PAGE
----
Andy Mueller, general manager of the river district, views the two pieces as part of a media strategy by Water Asset Management, and likely Eklund…

He also views it as an attempt to put pressure on the state and the Upper Colorado River Commission, which includes representatives from Colorado and other Upper Colorado River Basin states, to move forward quickly with a proposal for managing water demand in times of droughts through measures including fallowing by farmers and ranchers, without safeguards to protect local economies…

Agricultural, municipal and other water conserved under a demand management program would be stored in a separate account in Lake Powell as provided for under a drought contingency plan involving the states. It would be available to ensure adequate delivery of water to Lower Basin states as required under a 1922 interstate compact, in order to avoid a potential “compact call” under which Upper Basin water uses could be curtailed to meet delivery obligations.

The river district long has been insistent that water conserved through demand management be temporary, compensated and voluntary, concepts the Colorado Water Conservation Board has committed to as it explores the idea.

The river district also wants the impacts of conservation shared proportionally among users in a way that Western Slope agriculture and ag-based communities are protected…

Mueller also long has been concerned that some entities might push to set up individual accounts within the pool of water created through demand management, to protect water diversions for municipal utilities while Western Slope agricultural use gets shut down under a compact call.

Theoretically, water in those accounts could come from investment firms buying up Western Slope agricultural land and water rights.

Mueller believes Eklund is lobbying for such accounts, based in part on the Times article exploring the concept of a market-based approach to western water that could result in more water being moved from agriculture to municipal use.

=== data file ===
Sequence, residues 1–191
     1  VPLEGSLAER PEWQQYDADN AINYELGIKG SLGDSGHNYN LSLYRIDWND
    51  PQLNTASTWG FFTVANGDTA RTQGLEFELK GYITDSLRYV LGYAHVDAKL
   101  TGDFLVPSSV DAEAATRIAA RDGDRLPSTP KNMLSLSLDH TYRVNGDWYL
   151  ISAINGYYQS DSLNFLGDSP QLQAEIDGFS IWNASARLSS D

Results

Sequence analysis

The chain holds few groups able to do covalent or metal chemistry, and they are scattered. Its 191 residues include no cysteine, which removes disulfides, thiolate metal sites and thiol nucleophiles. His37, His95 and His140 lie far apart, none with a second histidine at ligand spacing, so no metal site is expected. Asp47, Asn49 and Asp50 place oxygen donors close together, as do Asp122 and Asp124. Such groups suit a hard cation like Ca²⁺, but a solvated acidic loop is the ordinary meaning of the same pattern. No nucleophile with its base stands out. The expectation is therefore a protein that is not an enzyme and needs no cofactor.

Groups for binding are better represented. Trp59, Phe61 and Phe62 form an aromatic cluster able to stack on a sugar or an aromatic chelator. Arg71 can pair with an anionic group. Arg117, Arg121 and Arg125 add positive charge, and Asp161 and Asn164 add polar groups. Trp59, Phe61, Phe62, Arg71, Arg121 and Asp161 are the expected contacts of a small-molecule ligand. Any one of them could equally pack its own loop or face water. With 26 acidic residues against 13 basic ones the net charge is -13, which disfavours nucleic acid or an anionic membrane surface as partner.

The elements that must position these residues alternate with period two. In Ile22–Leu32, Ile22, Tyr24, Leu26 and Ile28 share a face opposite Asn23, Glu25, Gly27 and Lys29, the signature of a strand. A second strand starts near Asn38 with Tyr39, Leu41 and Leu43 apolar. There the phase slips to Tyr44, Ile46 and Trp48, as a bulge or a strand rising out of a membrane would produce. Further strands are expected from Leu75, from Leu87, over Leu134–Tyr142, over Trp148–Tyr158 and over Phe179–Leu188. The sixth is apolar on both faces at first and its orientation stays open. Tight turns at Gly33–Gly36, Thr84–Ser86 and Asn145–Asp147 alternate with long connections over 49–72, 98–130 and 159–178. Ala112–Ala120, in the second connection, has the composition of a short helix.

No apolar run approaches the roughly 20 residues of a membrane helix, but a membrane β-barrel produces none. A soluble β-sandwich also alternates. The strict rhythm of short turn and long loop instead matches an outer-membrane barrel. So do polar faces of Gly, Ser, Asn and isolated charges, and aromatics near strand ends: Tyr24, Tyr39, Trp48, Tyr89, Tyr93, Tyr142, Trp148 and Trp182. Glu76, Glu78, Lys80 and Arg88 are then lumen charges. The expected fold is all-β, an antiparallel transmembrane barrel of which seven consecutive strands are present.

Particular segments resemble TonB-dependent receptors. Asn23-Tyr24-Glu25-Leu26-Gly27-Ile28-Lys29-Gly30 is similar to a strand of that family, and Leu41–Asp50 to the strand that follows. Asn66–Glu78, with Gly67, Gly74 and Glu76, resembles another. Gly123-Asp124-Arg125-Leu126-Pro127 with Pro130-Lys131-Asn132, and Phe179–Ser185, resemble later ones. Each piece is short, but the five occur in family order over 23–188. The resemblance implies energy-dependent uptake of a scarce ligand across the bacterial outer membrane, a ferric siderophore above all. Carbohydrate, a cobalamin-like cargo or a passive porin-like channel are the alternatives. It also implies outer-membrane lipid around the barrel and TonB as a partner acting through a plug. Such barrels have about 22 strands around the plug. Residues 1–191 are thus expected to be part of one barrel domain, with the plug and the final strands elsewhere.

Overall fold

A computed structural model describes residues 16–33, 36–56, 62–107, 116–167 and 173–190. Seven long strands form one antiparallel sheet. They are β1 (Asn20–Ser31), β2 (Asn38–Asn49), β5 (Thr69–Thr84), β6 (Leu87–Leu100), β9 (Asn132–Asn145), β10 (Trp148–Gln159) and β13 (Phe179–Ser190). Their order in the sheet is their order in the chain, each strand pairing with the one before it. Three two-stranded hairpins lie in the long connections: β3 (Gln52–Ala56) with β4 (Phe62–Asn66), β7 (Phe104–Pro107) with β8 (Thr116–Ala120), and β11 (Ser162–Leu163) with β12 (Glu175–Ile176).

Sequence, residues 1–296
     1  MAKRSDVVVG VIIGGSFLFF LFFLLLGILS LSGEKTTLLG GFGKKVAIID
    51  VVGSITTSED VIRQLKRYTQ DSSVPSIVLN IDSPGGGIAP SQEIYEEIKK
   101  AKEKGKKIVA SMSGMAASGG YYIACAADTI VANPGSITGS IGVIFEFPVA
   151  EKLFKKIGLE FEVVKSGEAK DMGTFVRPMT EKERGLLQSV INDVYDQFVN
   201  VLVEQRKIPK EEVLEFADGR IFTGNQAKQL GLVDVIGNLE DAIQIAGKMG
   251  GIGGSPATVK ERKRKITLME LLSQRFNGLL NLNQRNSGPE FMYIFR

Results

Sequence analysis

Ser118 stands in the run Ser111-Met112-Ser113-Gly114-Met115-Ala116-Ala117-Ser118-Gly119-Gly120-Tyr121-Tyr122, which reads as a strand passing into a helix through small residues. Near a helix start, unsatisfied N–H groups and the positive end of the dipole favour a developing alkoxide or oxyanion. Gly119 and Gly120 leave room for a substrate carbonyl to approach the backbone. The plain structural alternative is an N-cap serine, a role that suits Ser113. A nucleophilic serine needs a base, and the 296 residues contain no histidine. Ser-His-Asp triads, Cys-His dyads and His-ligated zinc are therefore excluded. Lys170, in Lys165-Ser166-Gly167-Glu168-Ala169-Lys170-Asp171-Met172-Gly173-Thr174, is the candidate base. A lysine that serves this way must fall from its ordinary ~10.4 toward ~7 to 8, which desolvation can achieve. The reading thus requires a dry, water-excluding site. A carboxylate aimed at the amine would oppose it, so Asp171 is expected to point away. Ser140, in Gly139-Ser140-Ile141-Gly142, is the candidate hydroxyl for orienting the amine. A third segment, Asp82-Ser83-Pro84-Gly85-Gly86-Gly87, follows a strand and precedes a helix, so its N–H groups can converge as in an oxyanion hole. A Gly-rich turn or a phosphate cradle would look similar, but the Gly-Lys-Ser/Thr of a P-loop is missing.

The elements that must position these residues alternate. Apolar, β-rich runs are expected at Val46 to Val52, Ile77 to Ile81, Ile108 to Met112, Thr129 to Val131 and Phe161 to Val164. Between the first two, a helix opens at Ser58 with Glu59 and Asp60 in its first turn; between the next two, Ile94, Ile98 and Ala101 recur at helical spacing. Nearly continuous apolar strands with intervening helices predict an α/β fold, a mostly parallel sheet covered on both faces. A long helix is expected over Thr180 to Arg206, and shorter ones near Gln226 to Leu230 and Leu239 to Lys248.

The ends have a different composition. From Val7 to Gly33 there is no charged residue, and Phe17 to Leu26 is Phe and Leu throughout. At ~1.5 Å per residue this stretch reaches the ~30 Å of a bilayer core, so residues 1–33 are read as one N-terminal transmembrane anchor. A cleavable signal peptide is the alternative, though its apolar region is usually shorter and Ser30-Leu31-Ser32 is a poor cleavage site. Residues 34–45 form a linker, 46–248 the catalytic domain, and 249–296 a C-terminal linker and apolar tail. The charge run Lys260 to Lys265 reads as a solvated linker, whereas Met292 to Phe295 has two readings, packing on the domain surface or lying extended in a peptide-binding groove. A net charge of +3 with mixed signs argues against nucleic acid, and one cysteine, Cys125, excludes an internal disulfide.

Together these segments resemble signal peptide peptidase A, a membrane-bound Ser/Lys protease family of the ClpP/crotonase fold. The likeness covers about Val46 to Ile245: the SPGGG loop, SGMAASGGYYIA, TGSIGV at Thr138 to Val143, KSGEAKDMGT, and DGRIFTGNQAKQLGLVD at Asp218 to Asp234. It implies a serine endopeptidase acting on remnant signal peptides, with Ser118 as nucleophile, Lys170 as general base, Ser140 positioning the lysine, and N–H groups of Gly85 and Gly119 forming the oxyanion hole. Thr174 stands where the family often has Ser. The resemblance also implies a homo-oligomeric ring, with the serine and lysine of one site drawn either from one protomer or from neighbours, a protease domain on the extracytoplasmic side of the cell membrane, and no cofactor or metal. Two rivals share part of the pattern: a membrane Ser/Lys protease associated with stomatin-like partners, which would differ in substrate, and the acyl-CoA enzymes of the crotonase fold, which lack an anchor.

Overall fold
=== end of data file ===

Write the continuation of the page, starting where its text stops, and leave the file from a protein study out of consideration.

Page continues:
If that’s true, it could be argued that Eklund is gaming the very system he helped set up. He served as Colorado’s representative to the Upper Colorado River Commission during the negotiations leading to the drought contingency plan agreements, including establishment of a separate storage account in Powell…

But Eklund said he isn’t pushing for private water accounts in Powell. Only sovereigns can hold water there — not special districts, private entities or individuals — he said.

“That’s always been the case. That always will be the case as far as I can see,” he said.

He said it’s also the way it should be, and he wouldn’t lobby to change something he doesn’t believe in…

Eklund said allowing only sovereigns to hold water in the reservoir is linked to the bargain Upper Basin states got from the 1922 compact. That deal assured that Upper Basin states could develop water at their own pace, as opposed to fast-growing places such as southern California getting their hands on the bulk of Colorado River water.

Mueller told The Daily Sentinel that he knows Water Asset Management has been directly in contact with several Front Range water utilities arguing for their support for individual accounts in Powell.

“James Eklund himself was in the halls of one of the water utilities while I was there, doing exactly that, meeting with them and trying to lobby them for their support on those individual accounts,” Mueller said.

“That’s an amazing accusation,” Eklund said when told of Mueller’s comments. He added that Mueller’s assertion is “flat-out false.”